Area Administered by Turkish Cypriots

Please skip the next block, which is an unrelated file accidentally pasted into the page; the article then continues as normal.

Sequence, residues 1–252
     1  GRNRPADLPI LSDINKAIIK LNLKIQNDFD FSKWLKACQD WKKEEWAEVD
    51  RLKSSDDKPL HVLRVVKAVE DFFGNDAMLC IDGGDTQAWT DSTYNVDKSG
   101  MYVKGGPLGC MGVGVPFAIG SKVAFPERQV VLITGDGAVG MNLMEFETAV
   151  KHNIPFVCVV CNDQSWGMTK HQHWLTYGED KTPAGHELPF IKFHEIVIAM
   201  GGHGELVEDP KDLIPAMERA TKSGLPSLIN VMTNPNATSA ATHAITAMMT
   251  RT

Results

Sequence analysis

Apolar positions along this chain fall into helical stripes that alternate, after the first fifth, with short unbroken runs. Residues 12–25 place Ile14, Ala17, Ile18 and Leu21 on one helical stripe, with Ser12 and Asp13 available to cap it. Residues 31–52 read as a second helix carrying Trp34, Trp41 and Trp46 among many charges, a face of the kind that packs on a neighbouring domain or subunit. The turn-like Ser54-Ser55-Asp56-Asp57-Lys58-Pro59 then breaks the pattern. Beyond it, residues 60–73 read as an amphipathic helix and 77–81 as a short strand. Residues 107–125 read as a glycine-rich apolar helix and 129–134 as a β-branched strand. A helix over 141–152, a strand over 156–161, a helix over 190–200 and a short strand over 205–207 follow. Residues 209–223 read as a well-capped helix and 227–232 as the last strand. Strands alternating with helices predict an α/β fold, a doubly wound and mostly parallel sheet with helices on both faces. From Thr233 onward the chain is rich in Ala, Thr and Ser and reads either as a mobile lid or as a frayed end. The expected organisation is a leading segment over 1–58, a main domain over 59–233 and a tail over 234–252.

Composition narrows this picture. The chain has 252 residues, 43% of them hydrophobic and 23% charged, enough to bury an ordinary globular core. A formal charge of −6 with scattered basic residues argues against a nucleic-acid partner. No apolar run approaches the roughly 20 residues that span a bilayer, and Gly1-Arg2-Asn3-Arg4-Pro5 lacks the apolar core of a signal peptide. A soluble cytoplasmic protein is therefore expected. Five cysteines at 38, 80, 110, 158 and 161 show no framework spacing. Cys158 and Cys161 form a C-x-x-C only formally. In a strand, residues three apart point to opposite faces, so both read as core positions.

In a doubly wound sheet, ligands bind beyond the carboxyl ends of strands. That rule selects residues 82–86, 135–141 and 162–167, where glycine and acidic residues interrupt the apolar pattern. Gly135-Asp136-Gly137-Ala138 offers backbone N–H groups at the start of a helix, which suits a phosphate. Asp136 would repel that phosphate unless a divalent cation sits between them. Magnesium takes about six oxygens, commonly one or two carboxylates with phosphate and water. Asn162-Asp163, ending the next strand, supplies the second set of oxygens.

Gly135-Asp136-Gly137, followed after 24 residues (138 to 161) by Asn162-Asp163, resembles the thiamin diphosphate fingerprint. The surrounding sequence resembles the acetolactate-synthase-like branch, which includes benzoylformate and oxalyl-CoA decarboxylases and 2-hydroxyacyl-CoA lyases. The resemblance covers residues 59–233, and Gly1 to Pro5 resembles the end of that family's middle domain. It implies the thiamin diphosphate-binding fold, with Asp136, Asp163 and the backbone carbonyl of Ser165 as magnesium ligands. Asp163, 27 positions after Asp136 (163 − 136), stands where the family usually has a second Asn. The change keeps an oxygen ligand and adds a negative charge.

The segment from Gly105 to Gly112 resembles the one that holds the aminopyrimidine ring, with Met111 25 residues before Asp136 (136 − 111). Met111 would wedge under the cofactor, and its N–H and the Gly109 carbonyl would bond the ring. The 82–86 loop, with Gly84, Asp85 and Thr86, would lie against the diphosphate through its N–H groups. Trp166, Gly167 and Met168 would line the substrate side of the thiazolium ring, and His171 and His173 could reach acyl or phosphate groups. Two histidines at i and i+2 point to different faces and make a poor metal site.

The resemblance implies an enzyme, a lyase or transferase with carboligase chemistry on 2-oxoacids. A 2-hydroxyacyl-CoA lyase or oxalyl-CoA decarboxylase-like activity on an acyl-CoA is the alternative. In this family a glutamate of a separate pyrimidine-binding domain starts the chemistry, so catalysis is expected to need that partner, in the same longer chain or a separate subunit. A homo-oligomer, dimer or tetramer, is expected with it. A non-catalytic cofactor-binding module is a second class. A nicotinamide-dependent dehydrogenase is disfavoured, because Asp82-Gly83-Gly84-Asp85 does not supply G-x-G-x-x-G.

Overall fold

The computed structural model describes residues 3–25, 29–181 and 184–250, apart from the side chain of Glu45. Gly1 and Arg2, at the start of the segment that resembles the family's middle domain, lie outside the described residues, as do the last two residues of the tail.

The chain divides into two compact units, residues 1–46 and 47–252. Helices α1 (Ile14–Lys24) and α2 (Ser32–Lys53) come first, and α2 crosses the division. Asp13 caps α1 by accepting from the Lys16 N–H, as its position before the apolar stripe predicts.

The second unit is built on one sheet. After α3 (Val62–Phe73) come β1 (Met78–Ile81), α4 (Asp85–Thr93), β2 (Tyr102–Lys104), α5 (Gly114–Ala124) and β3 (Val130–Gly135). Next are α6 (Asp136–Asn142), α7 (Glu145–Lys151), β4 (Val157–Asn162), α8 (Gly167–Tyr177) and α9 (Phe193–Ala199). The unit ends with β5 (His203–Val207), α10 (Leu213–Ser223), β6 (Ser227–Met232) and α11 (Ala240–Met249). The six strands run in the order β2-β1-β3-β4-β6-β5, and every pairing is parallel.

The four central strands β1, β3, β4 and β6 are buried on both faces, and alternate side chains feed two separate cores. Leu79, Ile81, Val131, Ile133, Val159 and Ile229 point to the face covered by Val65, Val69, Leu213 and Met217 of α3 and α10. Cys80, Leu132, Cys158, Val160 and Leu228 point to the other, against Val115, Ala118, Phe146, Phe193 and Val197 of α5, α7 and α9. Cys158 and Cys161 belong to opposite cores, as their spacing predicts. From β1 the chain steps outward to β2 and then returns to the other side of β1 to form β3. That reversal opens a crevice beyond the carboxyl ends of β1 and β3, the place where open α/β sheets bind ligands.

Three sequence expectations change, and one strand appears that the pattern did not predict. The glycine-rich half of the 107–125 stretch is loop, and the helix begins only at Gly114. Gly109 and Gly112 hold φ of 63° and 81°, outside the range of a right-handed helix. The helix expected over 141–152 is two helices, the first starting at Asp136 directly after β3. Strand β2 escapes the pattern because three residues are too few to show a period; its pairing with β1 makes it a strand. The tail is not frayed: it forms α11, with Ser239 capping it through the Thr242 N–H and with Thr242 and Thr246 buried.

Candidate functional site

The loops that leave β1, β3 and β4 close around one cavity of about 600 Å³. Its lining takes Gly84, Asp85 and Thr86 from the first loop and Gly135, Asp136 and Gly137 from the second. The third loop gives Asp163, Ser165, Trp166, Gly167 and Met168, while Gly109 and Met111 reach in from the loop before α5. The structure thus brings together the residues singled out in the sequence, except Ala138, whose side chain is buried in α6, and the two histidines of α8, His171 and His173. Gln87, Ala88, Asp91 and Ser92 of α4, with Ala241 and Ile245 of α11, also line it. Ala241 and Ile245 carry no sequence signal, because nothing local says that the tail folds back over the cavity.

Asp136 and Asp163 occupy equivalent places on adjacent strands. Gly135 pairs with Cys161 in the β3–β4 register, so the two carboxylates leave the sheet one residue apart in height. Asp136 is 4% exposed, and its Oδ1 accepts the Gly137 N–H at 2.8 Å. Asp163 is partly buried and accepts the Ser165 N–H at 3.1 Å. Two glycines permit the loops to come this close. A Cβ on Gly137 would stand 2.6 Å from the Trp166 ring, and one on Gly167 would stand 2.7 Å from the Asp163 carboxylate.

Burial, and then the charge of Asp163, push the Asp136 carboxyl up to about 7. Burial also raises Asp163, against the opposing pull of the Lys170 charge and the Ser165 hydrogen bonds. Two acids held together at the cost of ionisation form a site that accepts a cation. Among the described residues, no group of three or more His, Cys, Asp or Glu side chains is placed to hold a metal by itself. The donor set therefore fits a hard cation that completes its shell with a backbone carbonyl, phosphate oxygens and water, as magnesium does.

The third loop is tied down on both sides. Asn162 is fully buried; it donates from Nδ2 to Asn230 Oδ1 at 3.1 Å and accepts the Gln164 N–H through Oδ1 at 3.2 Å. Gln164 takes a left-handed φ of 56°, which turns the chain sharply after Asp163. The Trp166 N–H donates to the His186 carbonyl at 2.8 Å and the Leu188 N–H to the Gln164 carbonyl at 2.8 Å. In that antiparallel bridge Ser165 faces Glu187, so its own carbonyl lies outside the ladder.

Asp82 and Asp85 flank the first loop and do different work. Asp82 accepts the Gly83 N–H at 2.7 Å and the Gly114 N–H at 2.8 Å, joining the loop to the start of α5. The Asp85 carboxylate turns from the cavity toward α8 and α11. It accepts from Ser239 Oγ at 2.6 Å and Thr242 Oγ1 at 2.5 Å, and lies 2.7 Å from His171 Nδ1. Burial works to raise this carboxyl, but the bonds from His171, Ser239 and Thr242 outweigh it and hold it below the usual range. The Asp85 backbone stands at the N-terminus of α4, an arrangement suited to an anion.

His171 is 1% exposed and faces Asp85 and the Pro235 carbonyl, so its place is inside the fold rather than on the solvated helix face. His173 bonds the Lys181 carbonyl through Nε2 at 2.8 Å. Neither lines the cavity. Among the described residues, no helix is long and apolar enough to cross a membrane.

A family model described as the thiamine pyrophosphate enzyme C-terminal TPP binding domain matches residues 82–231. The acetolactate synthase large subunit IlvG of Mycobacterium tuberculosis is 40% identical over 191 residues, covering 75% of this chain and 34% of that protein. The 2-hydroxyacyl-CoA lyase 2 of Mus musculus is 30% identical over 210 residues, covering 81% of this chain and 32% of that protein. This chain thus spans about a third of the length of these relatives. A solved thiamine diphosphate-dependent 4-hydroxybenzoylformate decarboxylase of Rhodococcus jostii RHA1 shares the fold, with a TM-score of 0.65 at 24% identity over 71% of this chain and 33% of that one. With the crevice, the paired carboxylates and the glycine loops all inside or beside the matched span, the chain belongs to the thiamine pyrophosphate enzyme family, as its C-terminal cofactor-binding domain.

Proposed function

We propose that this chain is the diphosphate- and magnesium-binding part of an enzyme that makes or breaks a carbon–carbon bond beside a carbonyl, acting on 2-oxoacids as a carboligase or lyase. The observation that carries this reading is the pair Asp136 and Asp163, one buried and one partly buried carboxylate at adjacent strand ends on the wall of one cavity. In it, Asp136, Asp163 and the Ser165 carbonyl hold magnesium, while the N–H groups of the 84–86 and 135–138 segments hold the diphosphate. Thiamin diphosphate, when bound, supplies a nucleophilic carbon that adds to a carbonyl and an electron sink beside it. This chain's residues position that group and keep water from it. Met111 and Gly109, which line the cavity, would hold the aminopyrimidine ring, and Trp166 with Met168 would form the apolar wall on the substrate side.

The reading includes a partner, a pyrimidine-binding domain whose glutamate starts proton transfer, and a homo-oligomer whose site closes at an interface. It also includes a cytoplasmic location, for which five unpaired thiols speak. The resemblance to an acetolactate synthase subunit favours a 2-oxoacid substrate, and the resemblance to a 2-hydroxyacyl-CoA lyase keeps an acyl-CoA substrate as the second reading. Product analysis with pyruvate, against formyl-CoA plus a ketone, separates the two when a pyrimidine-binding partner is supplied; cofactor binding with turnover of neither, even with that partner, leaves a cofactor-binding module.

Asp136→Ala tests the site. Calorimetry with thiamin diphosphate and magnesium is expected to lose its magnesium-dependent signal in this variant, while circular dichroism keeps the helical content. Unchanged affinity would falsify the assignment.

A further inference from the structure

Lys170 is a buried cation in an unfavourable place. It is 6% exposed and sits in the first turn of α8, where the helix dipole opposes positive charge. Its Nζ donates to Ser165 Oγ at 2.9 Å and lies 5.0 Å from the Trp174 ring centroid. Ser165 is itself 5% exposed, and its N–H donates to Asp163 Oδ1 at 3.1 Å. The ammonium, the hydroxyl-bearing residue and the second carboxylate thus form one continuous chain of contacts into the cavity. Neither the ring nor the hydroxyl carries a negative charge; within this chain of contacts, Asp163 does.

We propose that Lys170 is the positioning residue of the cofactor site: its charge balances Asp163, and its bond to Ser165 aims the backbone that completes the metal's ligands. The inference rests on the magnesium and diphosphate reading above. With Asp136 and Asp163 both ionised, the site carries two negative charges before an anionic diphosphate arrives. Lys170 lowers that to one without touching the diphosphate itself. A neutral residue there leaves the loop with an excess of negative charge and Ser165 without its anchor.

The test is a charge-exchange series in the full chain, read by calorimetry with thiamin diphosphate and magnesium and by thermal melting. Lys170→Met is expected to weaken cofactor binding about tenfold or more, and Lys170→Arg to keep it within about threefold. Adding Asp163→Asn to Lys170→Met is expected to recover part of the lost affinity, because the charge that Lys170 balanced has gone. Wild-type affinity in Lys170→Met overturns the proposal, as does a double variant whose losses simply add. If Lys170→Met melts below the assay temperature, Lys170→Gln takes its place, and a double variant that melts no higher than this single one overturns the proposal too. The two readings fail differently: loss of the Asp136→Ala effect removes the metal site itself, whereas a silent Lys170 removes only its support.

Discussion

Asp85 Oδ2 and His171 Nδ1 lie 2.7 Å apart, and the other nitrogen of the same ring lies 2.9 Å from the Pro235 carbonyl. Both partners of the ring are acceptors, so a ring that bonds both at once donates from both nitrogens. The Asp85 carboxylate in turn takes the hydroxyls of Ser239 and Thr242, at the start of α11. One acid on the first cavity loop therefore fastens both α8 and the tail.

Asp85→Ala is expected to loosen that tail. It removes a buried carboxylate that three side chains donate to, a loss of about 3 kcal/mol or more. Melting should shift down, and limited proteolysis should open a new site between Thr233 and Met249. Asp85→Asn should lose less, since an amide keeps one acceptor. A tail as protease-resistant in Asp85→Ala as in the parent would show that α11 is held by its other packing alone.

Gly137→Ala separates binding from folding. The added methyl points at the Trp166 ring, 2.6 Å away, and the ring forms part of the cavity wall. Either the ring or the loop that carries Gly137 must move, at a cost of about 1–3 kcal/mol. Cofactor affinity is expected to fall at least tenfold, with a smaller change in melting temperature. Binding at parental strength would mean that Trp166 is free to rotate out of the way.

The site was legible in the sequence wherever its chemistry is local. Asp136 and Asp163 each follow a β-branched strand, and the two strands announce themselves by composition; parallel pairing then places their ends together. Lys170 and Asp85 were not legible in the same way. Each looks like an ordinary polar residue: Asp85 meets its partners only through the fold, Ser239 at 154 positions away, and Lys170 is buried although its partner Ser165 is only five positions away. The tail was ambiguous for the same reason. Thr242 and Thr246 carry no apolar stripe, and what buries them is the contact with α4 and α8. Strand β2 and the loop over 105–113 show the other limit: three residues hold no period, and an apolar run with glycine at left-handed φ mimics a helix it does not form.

The northern area of Cyprus is administered by Turkish Cypriots; the area has declared itself the “Turkish Republic of Northern Cyprus” (“TRNC”). The United States does not recognize the “TRNC,” nor does any other country except Turkey. The area administered by Turkish Cypriots continues to be a zone of impunity for human trafficking. The area is a destination for women increasingly from Central Asia, as well as Eastern Europe and Africa, who are subjected to forced prostitution in night clubs that are licensed and regulated by Turkish Cypriot authorities. Men and women are subjected to conditions of forced labor in industrial, construction, agriculture, restaurant, and retail sectors. Victims of labor trafficking are controlled through debt bondage, threats of deportation, restriction of movement, and inhumane living and working conditions. Women issued permits for domestic work are vulnerable to forced labor. A significant number of women from Turkey enter the “TRNC” on three-month tourist or student visas and enter prostitution in apartments in Nicosia, Kyrenia, and Famagusta. Migrants and refugees are also at risk for sexual exploitation.